Iorio Altamirano LLP is investigating claims on behalf of Stifel, Nicolaus & Company customers who invested in Unit Investment Trusts (UITs). If you have lost money with Stifel, Nicolaus & Company, contact New York securities arbitration lawyers Iorio Altamirano LLP for a free and confidential evaluation of your account.
Stifel and FINRA entered into a Letter of Acceptance, Waiver, and Consent (“AWC”) on May 27, 2020, over allegations that between January 2012 and December 2016, Stifel violated FINRA rules. Specifically, that it:
- Failed to establish and maintain a supervisory system, and failed to establish, maintain, and enforce written supervisory procedures (“WSPs”) that were reasonably designed to achieve compliance with FINRA’s suitability rule as it pertains to early rollovers of UITs.
- Stifel sent nearly 600 “switch” letters to customers containing inaccurate or missing information about the costs incurred as a result of early rollovers of UITs.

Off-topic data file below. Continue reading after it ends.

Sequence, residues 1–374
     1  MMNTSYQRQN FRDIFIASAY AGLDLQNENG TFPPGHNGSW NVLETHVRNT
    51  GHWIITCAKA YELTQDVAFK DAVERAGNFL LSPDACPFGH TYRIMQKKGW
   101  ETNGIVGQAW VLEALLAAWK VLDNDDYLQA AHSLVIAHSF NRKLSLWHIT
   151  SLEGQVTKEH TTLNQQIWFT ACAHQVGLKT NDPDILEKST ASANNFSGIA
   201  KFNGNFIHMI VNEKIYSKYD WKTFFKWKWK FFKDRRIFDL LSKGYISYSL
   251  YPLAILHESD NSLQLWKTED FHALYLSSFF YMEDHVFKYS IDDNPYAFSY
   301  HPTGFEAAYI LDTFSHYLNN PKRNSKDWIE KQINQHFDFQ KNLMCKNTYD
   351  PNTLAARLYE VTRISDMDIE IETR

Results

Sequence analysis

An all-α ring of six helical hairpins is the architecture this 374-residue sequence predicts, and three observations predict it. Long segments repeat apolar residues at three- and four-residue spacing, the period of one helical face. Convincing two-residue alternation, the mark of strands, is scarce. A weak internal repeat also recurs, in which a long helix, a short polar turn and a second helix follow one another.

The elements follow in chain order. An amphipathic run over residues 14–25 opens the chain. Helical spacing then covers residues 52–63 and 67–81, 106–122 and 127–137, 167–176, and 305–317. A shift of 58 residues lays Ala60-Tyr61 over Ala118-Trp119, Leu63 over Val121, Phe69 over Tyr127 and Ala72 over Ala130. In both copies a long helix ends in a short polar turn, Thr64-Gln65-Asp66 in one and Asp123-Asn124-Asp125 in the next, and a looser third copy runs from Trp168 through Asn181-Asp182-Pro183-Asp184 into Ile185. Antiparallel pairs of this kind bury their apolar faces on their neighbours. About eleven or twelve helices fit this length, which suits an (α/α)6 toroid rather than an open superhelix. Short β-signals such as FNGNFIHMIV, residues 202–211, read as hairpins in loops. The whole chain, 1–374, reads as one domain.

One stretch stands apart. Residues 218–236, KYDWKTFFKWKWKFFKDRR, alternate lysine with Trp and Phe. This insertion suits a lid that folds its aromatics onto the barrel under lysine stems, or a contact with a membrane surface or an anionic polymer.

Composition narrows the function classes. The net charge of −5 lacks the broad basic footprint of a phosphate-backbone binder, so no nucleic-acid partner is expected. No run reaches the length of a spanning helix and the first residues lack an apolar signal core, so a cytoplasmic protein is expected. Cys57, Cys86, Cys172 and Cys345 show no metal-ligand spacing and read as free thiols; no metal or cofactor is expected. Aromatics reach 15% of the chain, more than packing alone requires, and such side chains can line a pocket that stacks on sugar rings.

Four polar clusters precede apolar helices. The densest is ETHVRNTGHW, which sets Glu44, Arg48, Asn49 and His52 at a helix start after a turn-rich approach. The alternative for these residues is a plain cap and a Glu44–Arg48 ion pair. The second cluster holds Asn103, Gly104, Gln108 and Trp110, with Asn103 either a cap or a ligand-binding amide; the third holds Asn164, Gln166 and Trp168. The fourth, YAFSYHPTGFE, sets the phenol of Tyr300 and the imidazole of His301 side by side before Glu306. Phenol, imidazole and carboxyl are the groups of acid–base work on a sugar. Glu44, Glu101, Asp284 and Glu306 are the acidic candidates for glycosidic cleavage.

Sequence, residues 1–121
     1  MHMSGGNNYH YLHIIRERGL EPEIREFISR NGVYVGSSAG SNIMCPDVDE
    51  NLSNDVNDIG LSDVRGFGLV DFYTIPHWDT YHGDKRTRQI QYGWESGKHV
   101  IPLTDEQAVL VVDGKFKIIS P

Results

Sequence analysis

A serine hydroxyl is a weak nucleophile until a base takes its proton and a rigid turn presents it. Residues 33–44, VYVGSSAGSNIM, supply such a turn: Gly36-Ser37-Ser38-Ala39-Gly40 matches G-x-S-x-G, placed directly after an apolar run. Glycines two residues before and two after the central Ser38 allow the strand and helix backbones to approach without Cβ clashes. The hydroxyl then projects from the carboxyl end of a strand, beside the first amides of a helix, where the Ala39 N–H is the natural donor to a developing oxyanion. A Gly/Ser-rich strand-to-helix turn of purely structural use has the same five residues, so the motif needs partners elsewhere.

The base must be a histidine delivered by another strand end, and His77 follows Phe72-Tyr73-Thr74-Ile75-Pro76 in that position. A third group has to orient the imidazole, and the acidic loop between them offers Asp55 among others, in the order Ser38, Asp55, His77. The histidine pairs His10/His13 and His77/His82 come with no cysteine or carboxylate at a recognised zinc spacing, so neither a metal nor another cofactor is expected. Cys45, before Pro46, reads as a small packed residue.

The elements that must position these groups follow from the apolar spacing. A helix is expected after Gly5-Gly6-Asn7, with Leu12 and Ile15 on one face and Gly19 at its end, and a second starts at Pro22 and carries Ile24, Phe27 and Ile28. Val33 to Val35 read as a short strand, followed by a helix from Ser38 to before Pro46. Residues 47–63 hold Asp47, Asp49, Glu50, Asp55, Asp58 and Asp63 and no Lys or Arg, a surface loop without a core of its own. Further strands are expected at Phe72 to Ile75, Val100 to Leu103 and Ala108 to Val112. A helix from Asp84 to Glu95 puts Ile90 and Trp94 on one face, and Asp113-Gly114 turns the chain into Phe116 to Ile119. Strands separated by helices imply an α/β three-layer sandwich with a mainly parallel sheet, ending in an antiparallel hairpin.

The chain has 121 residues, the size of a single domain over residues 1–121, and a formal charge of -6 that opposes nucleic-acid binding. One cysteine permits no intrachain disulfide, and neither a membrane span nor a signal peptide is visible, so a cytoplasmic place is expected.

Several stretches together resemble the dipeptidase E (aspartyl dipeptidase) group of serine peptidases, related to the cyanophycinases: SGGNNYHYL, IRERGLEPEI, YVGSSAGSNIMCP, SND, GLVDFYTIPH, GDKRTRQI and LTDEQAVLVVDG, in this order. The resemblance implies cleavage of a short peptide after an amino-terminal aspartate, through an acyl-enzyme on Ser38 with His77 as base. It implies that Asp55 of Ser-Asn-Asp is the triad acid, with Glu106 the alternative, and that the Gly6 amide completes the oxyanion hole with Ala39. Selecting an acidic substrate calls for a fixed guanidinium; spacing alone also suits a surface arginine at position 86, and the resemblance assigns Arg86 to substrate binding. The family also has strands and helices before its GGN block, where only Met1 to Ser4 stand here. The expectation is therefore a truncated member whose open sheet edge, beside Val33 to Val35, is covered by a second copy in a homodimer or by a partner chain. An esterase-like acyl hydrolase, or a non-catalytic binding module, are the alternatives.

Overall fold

As part of the AWC, Stifel was censured and agreed to a fine of $1.75 million. Stifel also agreed to pay over $1.89 million in restitution to customers.
Stifel is a full-service broker-dealer, with approximately 4,968 registered representatives and 431 branch offices. The firm is headquartered in St. Louis, Missouri, and has been a FINRA member since 1936.
What is a UIT?
Unit Investment Trusts (UITs) sell investors shares or “units” in a fixed portfolio of securities through a one-time public offering. UITs are considered long-term investments that mature on a specific date; generally, after 15 or 24 months. Once the UIT matures, the underlying securities are sold, and the proceeds are paid to investors.
A UIT’s portfolio is passively managed between the trust’s inception and its maturity date. UIT sponsors often offer UIT product lines in successive “series.” These new series coincide with the maturity date of prior series. Successive series of UITs tend to have the same or similar investment objectives and investment strategies as the prior series, despite a change in the underlying securities that make up the fixed portfolio.